SXSW Film: Leaves of Grass is High Art

Every time I hear that Edward Norton is making a new film I tend to pay close attention. Through out his career, he has only made a few missteps and usually produces Indie gold. Leaves of Grass is no different and it gives Norton a chance do something he hasn’t done since Death to Smoochy, be funny. Aside from The Hulk, Norton usually goes with the emotionally straining roll, that at times, can leave you in tears, but in Leaves of Grass he proves that he can do it all and leave the audience crying with laughter with a contact high as they leave the theater.

Leaves of Grass is the story of two identical twins that are very successful at what they do but couldn’t be any more different. Bill is a philosophy professor that is well on his way to teaching at Harvard, it seems nothing can stop him as he flies through the sky with wings of wax, that is until he receives a call that his brother Brady had been shot with a crossbow. Crossbows seem to be “ironically popular ” in their home town of Little Dixie, Oklahoma. When Bill returns home for his brother’s funeral, he finds himself knee deep in the issues of his past and the criminal activity of his pot-dealing “Hydroponic” brother.

When I first heard the concept behind Leaves of Grass, I was excited, mostly because of the fact that Norton would be playing two rolls. It takes a great talent to play two rolls in one film especially when they are polar opposites like Bill and Brady. Norton executes both roles with ease giving each character their own unique traits. Norton had me in tears I laughed so hard, delivering lines like “this is how I keep it alive” while he flips the switch to a dedicated black light room. It’s the timing in which Norton delivers the lines that makes Leave of Grass so funny that I’m left with nothing but anticipation for his next comedic roll.

Norton’s supporting cast is, on it’s own, nothing but stellar with the likes of Richard Dreyfuss, Susan Sarandon, and Keri Russell; how can you go wrong? Each roll plays out beautifully with a perfect balance of drama and comedy, each adding their own style to an already well rounded film.

It’s these small details that actor/writer/director Tim Nelson has added that makes this film so great, making Leaves of Grass the intelligent stoner comedy it is, yeah I said intelligent stoner comedy. Leaves of Grass gives the viewer the option to sit back and enjoy the film or dig deeper into it’s sub-content for true enlightenment. Like the Coen Brothers, Nelson has created something that I would be proud to have in my movie collection.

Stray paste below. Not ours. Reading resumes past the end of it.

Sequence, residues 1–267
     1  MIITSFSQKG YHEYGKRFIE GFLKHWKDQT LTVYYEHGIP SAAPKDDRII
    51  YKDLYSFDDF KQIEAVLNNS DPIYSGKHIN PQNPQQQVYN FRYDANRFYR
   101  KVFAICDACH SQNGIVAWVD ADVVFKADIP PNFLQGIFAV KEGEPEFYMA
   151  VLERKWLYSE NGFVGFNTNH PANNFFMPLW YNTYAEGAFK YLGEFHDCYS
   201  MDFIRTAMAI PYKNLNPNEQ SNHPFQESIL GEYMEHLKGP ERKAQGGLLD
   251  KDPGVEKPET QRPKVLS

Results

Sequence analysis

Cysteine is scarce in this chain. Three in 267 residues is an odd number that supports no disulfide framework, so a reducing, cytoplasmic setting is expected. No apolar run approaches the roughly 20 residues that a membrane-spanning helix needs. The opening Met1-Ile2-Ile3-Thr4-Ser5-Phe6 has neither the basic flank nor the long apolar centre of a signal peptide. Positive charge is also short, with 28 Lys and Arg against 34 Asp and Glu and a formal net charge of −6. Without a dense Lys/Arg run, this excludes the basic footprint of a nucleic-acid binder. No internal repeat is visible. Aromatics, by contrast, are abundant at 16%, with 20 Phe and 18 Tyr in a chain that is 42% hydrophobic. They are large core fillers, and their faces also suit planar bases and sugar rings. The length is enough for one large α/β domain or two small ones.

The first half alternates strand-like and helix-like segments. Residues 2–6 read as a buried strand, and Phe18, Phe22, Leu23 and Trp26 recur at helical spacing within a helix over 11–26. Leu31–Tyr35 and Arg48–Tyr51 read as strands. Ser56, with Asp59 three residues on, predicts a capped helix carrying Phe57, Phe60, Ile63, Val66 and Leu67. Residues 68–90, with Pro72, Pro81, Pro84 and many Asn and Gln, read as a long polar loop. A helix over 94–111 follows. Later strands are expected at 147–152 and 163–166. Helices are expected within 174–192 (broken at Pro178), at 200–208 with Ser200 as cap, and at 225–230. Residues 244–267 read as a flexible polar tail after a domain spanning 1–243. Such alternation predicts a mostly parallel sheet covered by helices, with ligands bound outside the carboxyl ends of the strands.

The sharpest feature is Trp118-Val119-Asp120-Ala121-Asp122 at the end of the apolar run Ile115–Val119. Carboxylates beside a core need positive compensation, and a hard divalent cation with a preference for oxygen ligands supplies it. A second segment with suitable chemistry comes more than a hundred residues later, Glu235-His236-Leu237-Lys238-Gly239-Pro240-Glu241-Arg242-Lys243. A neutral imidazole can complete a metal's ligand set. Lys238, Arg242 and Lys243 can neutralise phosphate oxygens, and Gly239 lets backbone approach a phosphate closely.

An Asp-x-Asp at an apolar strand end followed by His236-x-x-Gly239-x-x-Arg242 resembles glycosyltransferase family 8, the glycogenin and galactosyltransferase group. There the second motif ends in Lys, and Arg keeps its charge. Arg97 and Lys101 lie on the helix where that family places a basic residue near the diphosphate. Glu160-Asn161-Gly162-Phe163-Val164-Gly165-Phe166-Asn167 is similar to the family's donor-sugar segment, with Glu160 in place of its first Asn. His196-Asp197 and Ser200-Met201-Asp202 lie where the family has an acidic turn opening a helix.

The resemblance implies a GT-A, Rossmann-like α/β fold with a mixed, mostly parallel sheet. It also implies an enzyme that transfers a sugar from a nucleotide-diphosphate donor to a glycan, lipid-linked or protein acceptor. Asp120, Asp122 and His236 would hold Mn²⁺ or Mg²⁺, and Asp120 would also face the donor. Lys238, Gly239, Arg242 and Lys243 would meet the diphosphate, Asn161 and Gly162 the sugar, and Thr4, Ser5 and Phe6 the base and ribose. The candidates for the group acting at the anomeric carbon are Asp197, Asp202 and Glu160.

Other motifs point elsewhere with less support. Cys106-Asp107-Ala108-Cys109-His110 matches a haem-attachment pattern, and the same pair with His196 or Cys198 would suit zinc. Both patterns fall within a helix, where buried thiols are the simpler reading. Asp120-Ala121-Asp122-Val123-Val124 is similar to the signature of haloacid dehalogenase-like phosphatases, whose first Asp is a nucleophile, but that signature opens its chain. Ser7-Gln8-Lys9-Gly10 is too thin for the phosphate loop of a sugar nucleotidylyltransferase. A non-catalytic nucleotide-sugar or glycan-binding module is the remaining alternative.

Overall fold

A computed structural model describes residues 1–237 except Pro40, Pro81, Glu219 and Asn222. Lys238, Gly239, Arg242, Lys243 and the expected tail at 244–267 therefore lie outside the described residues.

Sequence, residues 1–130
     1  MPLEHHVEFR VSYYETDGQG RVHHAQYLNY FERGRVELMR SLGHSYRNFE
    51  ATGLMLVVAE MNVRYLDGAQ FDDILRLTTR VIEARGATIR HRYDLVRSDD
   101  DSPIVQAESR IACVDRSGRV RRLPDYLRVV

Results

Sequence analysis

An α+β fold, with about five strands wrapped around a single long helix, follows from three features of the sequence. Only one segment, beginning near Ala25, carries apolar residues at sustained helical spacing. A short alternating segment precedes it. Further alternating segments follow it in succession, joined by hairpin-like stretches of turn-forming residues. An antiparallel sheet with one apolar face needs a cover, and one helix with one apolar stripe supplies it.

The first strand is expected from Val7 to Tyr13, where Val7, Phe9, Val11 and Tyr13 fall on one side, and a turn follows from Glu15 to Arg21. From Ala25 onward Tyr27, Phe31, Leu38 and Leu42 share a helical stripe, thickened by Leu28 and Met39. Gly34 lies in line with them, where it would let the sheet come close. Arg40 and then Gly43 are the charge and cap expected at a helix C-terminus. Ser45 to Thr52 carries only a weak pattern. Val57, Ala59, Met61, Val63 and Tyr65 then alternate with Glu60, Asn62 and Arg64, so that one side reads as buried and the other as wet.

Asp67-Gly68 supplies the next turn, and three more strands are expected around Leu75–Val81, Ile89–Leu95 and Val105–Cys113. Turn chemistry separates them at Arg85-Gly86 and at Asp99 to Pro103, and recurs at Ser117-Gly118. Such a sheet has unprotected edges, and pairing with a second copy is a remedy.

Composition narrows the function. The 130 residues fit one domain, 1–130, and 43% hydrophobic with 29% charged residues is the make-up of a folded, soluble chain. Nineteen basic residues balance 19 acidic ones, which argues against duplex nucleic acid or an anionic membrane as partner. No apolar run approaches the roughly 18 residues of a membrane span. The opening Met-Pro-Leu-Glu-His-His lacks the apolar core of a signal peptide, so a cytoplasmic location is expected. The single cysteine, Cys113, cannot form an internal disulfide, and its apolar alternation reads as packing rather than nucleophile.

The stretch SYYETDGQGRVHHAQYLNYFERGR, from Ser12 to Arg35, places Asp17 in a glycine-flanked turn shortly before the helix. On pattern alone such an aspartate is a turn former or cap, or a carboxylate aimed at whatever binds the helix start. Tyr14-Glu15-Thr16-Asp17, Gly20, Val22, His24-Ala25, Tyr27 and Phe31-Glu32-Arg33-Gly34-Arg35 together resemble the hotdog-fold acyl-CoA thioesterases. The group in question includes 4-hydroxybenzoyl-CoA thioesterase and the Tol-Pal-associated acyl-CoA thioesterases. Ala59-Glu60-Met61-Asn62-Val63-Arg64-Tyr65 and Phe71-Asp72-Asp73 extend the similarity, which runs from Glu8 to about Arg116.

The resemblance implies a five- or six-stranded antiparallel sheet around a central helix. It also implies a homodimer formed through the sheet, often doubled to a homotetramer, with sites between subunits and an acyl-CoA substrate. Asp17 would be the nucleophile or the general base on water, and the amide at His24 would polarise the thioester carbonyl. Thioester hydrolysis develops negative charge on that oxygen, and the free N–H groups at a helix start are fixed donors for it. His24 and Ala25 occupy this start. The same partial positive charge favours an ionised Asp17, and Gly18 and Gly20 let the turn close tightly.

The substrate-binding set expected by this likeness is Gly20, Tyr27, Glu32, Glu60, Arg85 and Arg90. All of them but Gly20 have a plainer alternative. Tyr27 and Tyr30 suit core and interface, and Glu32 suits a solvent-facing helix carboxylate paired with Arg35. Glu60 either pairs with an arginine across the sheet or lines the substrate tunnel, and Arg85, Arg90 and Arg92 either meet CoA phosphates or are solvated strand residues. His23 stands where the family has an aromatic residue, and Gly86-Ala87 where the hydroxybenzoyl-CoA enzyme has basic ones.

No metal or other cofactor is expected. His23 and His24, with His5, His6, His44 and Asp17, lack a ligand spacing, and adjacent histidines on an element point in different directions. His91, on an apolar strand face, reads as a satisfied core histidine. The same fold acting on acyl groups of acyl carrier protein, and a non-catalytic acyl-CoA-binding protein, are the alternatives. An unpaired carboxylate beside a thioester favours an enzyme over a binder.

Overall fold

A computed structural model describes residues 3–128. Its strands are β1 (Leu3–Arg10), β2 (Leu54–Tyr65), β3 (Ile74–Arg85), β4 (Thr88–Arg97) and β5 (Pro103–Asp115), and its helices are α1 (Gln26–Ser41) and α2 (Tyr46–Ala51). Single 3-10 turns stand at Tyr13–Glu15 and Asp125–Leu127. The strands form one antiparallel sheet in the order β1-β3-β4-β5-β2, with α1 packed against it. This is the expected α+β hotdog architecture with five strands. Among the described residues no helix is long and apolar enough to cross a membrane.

The only thing that keeps the film out of my favorite movie list is the cinematography. I’m usually a huge fan of the use of HD cameras in a movie and I see the benefit in Indie films every day. The only problem is that here like many other films you get that TV movie feel, making it harder to connect with the characters. I need the camera to help me understand the emotion and a darker feel would have helped Leaves of Grass tremendously. Though Nelson did interesting things with the camera they were just too few and far between to break through that HD feel.

Leaves of Grass has it’s ups and downs, but due to in-depth writing and the standout acting of Edward Norton it has easily been one of my favorite films at SXSW and I’m sure this will remain true for the remainder of the year.

I give Leaves of Grass 4 “single serving friends” out of 5

by Ryan Davis

About Ryan Davis

Ryan is the Founder of Lost in Reviews, a member of The Kansas City Film Critic's Circle, and a key component in the movement to digitally restore the 1986 classic film The Gate. Ryan is also the co-host of Blu Monday a DVD and Blu Ray review show which Lost in Reviews co-founder Angela Davis also appears. While he may be a film and music snob, that doesn't mean you can't be friends. Well it could if you don't like the same bands or films he does, overall it might be best to avoid the subject all together.

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